Life post-graduation was supposed to see the launch of paisley-loving Jadyn’s art career, or at least an art gallery showing one of her watercolor paintings. Instead, this Pittsburgh native is locked into a low-paying, buttoned-up consultant position with an impossible boss. When another colleague is dismissed, Jadyn inherits extra workload, including the company’s biggest client. If she loses him, she’s fired.
Jadyn people-pleases her way through life, resulting in extra work opportunities and a community classroom of art students. But when two guys appear on her doorstep, she just might not be able to people-please her way out of this love triangle. At the end of the day, she can’t please everyone.
Then, because of a small spending problem, Jadyn is evicted from her apartment, and she must move in with her know-it-all sister. Jadyn needs to decide between a job transfer that would place her near her love interest, or a full-time art career with all its risks.
Stretched like canvas between responsibility and dreams, she must choose. Will practicality always win?
Most Helpful Customer Reviews
Jadyn Simon is a twenty-something living in Pittsburgh and trying to stay afloat in her job as an account services consultant. Basically, she’s in marketing and advertising. She’s overworked, underpaid, and trying to avoid the wrath of her demanding, overbearing boss. With a passion for art as well as volunteering with youth, Jadyn also has a big heart but not a lot of life experience yet. As the story unfolds we get to see Jadyn learn to juggle and prioritize responsibilities, to rely on her faith in God a little better, and to decide what she truly wants out of life. Like all young adults, this doesn’t always go as planned, and she sometimes falters in her resolve. I feel like that’s a pretty accurate depiction of young adults, though. Sometimes she drove me crazy with her indecision and her less wise choices, and I feel like I can better understand how parents must feel about their young adult children! There are a couple of things about this story that bothered me. One conflict in the story is left unresolved, but that may be a deliberate decision on the author’s part because really, that’s how life is sometimes. Also, this book is a bunch of genres mixed together: chick lit, YA contemporary, and even a light Christian element. Again, maybe it was the author’s intent to show how muddy and complicated life can be during that part of life. It’s a light, fun story, and I’m curious to see if there are any sequels that feature other people in Jadyn’s life. I received a copy of this book from Vinspire Publishing through JustRead Publicity Tours and am under no obligation to leave a positive review. All opinions are my own.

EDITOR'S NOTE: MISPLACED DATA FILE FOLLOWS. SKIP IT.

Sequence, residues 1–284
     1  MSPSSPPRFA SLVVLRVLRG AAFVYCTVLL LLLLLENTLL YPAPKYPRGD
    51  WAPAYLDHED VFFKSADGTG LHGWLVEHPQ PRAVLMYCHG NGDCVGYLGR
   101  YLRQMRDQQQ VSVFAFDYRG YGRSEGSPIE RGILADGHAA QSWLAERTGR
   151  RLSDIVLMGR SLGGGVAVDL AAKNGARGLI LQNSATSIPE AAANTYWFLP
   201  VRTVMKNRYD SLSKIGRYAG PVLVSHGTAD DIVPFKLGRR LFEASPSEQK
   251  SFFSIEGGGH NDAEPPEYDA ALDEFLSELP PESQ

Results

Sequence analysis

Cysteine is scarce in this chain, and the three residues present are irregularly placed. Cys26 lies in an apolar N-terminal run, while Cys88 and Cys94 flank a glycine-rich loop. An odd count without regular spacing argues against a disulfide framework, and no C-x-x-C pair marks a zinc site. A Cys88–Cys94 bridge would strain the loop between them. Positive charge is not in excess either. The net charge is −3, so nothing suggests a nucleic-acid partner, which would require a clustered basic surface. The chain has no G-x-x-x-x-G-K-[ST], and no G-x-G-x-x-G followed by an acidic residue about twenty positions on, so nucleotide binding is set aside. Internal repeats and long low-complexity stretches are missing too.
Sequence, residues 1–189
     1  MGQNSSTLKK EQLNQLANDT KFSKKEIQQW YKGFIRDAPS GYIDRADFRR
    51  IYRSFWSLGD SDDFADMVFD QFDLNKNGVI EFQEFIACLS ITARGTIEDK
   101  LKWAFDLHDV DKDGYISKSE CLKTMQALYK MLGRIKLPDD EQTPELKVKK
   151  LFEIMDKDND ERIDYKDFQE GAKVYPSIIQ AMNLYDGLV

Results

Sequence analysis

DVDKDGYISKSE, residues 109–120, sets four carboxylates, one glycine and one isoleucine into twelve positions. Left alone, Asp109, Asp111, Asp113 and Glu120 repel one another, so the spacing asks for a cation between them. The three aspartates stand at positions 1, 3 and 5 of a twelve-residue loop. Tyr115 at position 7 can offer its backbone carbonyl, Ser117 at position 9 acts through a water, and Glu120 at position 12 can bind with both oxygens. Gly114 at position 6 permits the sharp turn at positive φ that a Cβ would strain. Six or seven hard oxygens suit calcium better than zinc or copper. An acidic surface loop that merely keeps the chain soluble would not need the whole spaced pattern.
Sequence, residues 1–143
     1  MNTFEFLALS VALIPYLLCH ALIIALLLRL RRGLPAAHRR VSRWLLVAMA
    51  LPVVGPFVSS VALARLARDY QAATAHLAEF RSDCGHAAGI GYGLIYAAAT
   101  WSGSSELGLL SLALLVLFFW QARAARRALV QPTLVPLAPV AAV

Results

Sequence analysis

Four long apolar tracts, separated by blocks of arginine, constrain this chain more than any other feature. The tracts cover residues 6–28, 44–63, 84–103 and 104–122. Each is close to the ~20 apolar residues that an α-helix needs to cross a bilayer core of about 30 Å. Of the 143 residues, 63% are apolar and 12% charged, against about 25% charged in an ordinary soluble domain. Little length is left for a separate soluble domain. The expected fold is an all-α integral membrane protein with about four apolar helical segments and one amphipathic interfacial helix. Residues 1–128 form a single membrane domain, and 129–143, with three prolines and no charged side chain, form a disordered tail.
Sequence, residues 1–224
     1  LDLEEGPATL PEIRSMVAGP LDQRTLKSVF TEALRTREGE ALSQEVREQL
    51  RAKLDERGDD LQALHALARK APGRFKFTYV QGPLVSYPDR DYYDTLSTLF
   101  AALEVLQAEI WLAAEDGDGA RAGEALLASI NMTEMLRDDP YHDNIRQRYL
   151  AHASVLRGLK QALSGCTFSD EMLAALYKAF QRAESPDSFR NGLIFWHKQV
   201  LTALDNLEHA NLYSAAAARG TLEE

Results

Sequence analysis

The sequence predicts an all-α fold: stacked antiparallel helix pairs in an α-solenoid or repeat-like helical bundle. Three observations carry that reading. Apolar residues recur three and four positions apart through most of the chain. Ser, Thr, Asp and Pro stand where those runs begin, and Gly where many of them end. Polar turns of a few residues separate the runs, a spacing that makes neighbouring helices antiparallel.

If you've ever felt that there's too much to do and not enough time to do it (and who hasn't) then this book is for you. I love giving new authors a shot at reading their debut novel and Teal Paisley Tights did not disappoint me. What's better, this is a book that can be enjoyed by a young adult as well a mom like me. The plot was solid and the story felt believable. The main character, Jadyn, has lots of heart and the other characters were well developed. As a reader, I love being able to put myself into the different character's shoes and I found that I could easily identify with all of them. With a Christian undertone, this story is a good reminder that it's hard to always do the right thing for everyone all at once. I cheered for Jadyn when she finally realizes that sometimes you have to go against the grain and go for what makes you happy. I thoroughly enjoyed this book and this is author is definitely one to watch for future releases.
In Teal Paisley Tights by Barbara Brutt, Jadyn Simon’s passions are her faith, her painting, and her teal paisley tights. She likes her challenging job at a PR firm—but she doesn’t like the way her boss, Victoria, bans her favorite tights and tries to cage her free spirit. Ditto for her older sister Mel. Throw in budding romances with two very different guys and an eviction from her apartment, and Jadyn wonders if adulting is highly overrated. . . The newly emancipated will find Teal Paisley Tights, Brutt’s debut novel, an entertaining read, with plenty of twists as Jadyn discovers who she is, what she really wants to do, and the person she wants to be. If your Christmas list includes a college age/twenty-something reader, Teal Paisley Tights will prove a fun, meaningful find under her tree. But be sure to read it yourself, first!